In its 59th annual tome on the nation's hotel industry, PKF Consulting, San Francisco, affirms the dynamics behind the resurgent U.S. hotel industry, once again calling upon its experts in the hospitality field to provide a comprehensive overview of the business in Trends in the Hotel Industry -- USA edition.
"When we looked at the hotel industry last year at this time, we said that the future `was beginning to brighten.' Over the past 12 months, the U.S. economy has, indeed, strengthened, and the light for hotels has been shining all year long," says Patrick Quek, president and CEO of Pannell Kerr Foster.
Growth has become a constant state of industry affairs, and nowhere is that better illustrated than on the cover of the PKF study. Both the Philadelphia Marriott (convention center) and the Hampton Inn & Suites in Newport News, Va., are examples of major new from-the-ground-up developments, which is something the industry hasn't seen in earnest in many a long year.
"After watching the hotel industry suffer through nearly a decade of overbuilding, it may seem strange for Trends to feature a rebirth of development (on the Trends cover). However, as the economy continues to improve, we'd like to think that the industry has learned enough to get back to focusing on actual market needs and to avoid shooting itself in the foot again."
"... with all the success the industry experienced in 1994 it will be hard to match the same high levels of growth in the years to come. While PKF Consulting projects further increase m occupancy, the magnitude of the growth is expected to decline as we approach maximum occupancy levels in several market areas. On the pricing side, average daily room rates are projected to exceed inflation in most markets for a third consecutive year," according to the report.
Occupancy: For 1995 will have grown 1.9% over 1994, and will continue to grow at a 1.4% rate through 1996.
Average Room Rates: Annual growth of 4.4% for 1995 and 3.4% for 1996.
Profits: Should continue to grow. Based on the 1995 edition of Trends, the average U.S. hotel achieved a staggering 14.7% increase in operational profitability during 1994. But the annual rate of growth is likely to be less than 10% for 1995 and 1996.
Regional Growth: The rise in lodging performance was led by the hotels in the South Atlantic region, which rebounded from first quarter growth rates of 2.4% for occupancy and a negative 0.4% for average room rates. By the end of the second quarter, these same hotels were enjoying growth rates of 4.5% and 7.3%, respectively, for occupancy and average daily rates (ADR).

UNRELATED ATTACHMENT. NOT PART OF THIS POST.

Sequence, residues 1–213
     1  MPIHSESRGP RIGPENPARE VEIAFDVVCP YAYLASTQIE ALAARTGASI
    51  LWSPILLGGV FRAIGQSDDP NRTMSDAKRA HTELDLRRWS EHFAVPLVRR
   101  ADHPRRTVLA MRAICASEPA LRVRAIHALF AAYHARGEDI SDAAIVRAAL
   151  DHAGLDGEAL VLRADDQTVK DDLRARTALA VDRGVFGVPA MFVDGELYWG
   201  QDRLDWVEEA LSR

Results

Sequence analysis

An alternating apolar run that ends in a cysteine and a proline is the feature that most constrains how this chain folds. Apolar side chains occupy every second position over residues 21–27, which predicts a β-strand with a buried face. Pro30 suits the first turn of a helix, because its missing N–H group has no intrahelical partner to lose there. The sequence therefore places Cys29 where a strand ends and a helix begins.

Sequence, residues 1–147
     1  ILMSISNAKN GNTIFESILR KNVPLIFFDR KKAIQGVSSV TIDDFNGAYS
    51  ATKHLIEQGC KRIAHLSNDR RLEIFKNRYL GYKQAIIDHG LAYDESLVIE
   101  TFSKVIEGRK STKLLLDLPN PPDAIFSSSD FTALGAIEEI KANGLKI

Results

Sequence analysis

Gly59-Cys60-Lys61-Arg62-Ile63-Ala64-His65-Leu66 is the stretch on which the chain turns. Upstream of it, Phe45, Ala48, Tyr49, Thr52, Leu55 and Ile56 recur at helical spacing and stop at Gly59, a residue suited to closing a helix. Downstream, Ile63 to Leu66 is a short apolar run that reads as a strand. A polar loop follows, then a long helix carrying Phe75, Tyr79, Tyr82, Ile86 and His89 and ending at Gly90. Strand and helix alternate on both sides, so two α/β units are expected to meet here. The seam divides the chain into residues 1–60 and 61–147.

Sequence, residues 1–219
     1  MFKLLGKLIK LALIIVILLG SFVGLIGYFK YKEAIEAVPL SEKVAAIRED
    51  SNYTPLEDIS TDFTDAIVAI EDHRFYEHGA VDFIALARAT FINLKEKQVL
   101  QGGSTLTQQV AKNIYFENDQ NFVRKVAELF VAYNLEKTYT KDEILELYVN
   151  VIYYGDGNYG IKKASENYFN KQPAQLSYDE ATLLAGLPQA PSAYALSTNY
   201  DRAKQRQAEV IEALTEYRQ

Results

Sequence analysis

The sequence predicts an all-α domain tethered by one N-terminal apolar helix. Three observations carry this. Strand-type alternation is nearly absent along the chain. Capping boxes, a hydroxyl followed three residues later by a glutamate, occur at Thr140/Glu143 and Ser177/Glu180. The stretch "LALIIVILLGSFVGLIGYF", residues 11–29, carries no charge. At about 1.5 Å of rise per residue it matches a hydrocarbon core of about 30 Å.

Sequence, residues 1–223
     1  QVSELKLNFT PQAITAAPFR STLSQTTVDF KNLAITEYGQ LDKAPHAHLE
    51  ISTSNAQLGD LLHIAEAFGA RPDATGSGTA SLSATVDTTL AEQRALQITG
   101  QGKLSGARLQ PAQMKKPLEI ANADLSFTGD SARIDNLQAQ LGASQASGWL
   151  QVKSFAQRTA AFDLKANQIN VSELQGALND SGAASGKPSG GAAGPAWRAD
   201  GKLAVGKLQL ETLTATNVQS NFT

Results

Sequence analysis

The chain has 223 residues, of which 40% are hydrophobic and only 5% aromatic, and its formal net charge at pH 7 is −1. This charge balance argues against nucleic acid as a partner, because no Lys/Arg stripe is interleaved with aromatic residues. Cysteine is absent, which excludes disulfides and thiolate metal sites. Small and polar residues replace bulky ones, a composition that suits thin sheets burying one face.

Of the 61 major cities PKF covers,42 are forecasted to achieve occupancies in excess of 70% in 1996.
Rooms Supply: Overall rooms supply is projected to be only 1.6% greater than in 1995.
Lodging Demand: Should grow at a 3% pace during 1996. "With all this good news, U.S. hoteliers are no longer dead, just grateful," says the report.
PKF also breaks down the market by product segment: Full,service hotels have finally begun to enjoy the fruits of the industry recovery. In 1994, they achieved the highest growth in ADR among all property types, which translated directly to a 19.6% increase in operational profitability.
Development, however, has been slow. The low $78.53 average room rate and 2 0 . 7 % profit margin still don't justify new construction. The upside for purchasers, though, is promising. Sales, refurbishment, conversion and re-positioning will continue.
Limited-service hotels have reached a maturity in their business life cycle. An industry low 3.6% increase in average room rates brought total revenue down to only 3.6% growth. Still, they achieve the highest profit margins in the industry, and with Revpar averaging $5,194, operation can cover development costs in selected markets. The vast majority of new hotels being constructed are limited-service properties of fewer than 125 rooms, located in rural, highway and suburban markets and affiliated with one of the major national brands.
Resort hotels met with mixed success in 1994. They achieve the highest ADRs, but also the lowest occupancy levels. That is a shift back to the traditional operating strategy for resort properties prior to the recession, and led to a 14.6% profit increase in 1994.
Demand for suite hotels is running at all-time high. They achieved the highest occupancy level of any type of hotel, and ADRs grew at a healthy 4.9% in 1994. Profit margins soared to 32.7% due to premium pricing and limited food and beverage service. Profits are averaging $9,798 per suite, ranking them as the second most-preferred hotel type for development behind limited-service. And new product types, including "no frills" residential suite hotels and integrating suite units with traditional limited service hotels, offer consumers a range of new choices.
Convention hotels are seeing increased performance thanks to continued improvement in the meetings and conventions business. Occupancy improved 4.3% in 1994, the greatest increase of all property types. Average room rates rose 3.7% and revenues grew 15.5% . They also achieved the highest levels of both revenues and profits. The challenge ahead is to incorporate the latest technologies into their operations while still providing the high level of personal service that reminds attendees why they left the office for the hotel in the first place. Later this month, January 24 - 26, PKF and UCLA Extension are putting on the 11th annual Hotel Industry Investment Conference at the Beverly Hilton in Beverly Hills, Calif. If recent hotel conference attendance is any indication, it will be a packed house.